Chris Hoyle has been involved in programming since a teenager, creating free software as a hobby for other people on the internet. One day, some software that he created was picked up by a couple of motor racing teams; one of which
was involved within Formula 1. Over the course of six months, this hobby quickly turned into a new career building high-end simulators for F1. This became an overwhelming success for Hoyle, who was soon approached by most of the
F1 teams, along with a number of different racing divisions. In fact, the demand for the software became so high that he started running out of teams to sell to. Due to this, Hoyle decided to move into the road car business which,
again, saw a huge demand - with customers using it to assess ride comfort and durability, rather than the track-focused simulation software. rFpro is now being used by most of the top OEMs, tier ones and engineering consultants.
In 2015, the company was approached for the first time by a customer who wanted to use the simulation software for AI research. This wasn't an area that Hoyle and his team knew much about but, over two and a half years of research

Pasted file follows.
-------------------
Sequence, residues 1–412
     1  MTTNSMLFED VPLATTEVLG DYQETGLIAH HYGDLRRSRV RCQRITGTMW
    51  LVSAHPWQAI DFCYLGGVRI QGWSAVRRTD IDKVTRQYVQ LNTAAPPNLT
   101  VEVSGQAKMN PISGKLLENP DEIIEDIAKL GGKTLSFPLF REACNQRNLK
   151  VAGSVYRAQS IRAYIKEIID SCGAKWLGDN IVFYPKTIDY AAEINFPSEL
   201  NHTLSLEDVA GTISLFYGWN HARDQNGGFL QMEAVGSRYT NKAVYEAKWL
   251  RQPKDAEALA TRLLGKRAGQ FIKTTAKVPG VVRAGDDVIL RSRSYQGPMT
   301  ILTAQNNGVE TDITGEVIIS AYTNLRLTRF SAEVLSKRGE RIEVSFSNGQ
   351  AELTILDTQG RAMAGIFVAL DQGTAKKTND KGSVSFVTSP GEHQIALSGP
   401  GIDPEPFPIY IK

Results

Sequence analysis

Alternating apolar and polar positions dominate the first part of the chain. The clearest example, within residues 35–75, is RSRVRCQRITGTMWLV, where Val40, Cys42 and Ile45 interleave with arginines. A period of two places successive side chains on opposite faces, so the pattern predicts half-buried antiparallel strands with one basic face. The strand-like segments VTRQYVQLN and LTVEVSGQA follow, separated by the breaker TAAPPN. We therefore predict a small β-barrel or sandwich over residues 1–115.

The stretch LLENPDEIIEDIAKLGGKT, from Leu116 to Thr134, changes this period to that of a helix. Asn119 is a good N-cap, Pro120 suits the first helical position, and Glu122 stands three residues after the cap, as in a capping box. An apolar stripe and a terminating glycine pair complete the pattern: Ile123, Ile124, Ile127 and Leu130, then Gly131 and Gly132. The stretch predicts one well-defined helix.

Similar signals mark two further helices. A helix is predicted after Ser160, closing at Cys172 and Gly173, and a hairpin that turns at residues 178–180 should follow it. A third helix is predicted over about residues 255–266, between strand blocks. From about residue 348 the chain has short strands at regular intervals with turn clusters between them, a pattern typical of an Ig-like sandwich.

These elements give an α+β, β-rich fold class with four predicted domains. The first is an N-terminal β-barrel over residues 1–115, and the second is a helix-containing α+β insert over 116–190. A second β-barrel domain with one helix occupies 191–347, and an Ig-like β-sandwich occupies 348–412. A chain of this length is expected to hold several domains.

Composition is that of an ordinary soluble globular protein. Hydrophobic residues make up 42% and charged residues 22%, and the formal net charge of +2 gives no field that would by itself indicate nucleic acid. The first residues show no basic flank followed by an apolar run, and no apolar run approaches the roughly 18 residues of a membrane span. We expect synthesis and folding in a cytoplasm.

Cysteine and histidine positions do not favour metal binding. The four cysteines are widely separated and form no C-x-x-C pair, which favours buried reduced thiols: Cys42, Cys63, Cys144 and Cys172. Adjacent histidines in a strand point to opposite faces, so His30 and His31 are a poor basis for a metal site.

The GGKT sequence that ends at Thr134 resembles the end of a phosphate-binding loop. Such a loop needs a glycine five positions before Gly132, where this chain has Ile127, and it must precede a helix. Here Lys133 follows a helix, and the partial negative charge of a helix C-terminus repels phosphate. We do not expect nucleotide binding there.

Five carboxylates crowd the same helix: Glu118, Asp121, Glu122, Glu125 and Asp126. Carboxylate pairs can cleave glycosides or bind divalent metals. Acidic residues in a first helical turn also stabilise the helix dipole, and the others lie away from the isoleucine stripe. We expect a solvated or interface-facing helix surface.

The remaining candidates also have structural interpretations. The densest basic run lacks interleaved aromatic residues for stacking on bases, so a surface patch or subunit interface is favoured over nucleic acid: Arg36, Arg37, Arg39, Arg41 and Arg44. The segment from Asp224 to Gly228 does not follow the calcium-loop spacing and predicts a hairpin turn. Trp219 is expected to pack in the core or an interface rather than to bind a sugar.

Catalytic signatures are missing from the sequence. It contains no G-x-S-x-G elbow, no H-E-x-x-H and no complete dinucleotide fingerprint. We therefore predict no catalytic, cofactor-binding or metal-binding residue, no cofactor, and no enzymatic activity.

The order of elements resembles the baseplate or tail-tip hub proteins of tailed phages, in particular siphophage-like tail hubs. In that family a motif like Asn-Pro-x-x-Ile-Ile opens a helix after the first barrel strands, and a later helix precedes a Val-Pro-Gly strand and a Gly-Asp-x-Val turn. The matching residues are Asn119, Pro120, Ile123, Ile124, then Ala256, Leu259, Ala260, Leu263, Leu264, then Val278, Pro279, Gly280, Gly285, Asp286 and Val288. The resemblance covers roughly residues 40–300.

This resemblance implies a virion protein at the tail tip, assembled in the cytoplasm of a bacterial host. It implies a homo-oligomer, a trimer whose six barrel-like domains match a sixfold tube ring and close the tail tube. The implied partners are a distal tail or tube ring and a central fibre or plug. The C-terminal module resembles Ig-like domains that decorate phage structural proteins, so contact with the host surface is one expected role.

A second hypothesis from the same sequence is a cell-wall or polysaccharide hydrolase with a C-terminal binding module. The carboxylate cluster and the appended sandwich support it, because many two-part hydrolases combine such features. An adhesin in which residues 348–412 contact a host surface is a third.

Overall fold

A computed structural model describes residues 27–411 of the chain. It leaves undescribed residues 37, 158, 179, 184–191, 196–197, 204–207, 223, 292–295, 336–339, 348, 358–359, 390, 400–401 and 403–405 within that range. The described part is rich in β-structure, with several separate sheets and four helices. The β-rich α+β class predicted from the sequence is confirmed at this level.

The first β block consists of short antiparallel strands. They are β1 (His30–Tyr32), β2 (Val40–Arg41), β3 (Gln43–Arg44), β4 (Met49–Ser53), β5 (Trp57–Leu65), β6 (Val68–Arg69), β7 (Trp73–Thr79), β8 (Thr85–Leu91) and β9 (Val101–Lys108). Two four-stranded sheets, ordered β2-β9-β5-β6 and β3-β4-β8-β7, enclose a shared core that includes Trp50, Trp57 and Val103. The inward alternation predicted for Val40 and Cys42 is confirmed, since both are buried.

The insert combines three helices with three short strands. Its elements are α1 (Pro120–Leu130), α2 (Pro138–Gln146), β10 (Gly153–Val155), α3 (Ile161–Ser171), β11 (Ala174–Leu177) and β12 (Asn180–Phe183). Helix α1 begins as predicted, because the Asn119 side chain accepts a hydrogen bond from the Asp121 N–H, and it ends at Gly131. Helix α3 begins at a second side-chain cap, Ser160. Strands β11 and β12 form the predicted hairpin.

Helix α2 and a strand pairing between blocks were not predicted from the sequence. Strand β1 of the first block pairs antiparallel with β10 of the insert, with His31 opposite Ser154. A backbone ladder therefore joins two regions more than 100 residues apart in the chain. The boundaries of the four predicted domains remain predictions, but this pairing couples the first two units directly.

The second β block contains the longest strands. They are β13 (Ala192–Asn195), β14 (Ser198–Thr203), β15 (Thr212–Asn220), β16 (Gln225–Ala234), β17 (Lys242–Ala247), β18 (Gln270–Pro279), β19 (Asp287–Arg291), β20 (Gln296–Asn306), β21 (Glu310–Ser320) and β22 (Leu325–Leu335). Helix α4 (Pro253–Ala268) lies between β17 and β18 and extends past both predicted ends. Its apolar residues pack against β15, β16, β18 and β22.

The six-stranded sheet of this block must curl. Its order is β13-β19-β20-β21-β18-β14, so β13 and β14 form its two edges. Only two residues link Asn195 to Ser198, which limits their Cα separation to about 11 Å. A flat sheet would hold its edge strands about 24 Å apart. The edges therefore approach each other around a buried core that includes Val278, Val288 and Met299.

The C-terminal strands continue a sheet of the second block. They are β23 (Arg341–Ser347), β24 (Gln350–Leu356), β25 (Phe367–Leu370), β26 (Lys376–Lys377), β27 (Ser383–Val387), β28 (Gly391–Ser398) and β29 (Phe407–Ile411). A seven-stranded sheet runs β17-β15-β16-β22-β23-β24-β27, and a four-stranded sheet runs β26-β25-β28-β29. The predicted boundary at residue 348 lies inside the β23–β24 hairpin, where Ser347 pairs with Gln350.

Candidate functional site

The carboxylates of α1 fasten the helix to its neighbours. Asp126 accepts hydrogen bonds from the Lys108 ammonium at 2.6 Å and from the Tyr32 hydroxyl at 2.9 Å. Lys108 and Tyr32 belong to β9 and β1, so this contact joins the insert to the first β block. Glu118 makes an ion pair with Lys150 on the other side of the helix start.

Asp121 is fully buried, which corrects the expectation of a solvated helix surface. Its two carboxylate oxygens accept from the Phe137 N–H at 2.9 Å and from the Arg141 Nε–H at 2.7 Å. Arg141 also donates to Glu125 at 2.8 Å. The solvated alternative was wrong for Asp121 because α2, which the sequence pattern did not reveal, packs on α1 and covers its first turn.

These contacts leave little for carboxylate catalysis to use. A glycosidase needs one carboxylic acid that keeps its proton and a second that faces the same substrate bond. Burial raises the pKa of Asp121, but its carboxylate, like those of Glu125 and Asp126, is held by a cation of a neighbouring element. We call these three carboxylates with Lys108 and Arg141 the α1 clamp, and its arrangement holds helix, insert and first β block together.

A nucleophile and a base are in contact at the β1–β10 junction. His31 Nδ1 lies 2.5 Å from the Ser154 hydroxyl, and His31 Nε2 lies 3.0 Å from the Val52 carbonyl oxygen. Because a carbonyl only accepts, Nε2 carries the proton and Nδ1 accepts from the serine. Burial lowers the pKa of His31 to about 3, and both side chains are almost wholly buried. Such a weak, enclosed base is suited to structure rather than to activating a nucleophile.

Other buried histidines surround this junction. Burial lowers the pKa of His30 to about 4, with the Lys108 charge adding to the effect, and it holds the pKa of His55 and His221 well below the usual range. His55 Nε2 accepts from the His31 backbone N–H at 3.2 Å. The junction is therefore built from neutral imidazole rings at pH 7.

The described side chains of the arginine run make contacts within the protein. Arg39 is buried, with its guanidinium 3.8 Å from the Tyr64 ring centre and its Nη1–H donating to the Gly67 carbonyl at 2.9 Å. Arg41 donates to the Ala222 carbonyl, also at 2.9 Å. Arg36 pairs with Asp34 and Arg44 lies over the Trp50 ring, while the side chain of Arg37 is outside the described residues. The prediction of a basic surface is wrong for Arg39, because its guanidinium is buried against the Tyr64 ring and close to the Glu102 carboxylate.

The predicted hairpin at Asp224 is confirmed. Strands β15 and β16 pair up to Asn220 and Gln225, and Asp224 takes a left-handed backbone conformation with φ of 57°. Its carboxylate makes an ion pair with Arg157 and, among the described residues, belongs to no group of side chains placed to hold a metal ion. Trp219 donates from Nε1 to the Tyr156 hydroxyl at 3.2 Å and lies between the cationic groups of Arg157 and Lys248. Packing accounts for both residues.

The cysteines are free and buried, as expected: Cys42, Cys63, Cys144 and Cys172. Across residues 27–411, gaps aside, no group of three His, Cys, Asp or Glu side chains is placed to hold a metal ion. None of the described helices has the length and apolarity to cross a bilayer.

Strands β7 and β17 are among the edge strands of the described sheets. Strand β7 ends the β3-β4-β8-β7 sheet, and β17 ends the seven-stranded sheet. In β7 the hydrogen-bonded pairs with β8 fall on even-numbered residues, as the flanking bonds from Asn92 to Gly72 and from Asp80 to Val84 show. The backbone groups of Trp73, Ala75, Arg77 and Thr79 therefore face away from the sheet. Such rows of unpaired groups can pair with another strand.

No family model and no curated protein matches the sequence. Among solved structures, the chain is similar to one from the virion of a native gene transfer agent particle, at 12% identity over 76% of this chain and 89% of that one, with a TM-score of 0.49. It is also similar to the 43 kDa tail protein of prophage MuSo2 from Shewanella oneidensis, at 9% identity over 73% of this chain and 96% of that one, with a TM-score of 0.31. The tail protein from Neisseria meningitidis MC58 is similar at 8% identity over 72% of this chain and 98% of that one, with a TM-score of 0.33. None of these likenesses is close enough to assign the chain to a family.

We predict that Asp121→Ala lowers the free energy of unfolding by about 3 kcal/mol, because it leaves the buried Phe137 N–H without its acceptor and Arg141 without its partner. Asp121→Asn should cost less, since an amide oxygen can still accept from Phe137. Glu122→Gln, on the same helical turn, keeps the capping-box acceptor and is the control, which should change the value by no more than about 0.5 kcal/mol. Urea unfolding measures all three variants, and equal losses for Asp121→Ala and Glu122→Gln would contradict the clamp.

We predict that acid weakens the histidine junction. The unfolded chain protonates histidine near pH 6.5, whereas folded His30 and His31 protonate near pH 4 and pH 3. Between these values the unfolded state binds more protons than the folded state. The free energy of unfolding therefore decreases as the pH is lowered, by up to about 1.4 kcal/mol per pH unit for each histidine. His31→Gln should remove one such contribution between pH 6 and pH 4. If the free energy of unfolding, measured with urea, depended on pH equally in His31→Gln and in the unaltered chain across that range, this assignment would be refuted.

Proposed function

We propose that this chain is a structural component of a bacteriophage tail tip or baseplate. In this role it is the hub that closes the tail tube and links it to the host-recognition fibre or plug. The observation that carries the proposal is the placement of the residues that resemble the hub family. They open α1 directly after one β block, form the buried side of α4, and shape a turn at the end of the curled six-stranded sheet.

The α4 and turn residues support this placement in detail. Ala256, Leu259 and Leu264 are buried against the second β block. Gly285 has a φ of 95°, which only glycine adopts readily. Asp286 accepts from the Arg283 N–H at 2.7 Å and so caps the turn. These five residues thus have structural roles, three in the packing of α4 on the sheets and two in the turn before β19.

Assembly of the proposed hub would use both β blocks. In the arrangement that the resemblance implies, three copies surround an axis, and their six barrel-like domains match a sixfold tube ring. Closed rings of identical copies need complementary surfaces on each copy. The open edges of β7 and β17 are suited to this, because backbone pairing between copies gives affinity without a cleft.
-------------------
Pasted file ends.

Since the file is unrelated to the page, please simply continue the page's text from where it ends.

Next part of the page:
and development, they created the first official version.
You would expect the larger companies involved in the autonomous sector to take most of the business from the smaller companies. However, people are realising that simulation technology is more effective than physically testing self-driving
vehicles. "The pioneers in this industry, people like Mobileye, Tesla and Nvidia, have built massive offshore teams of people who are manually enabling training data, “says Hoyle. “Human beings will annotate every frame of the
video, which takes over half an hour. To get this video into your data through this process, you're looking at nine or ten years of work. Of course, with thousands of researchers working on these islands, it will be a lot shorter,
but it is incredibly expensive, very slow and error-prone." By creating data without this time-consuming process, simulation software can significantly reduce the development time to milliseconds through an error-free process that
ensures 100% accuracy.
The are no incremental costs to using simulation software, as you will not be paying thousands of people over an extended period of time. However, Hoyle explains that if you wanted to do so, the software can even incorporate up to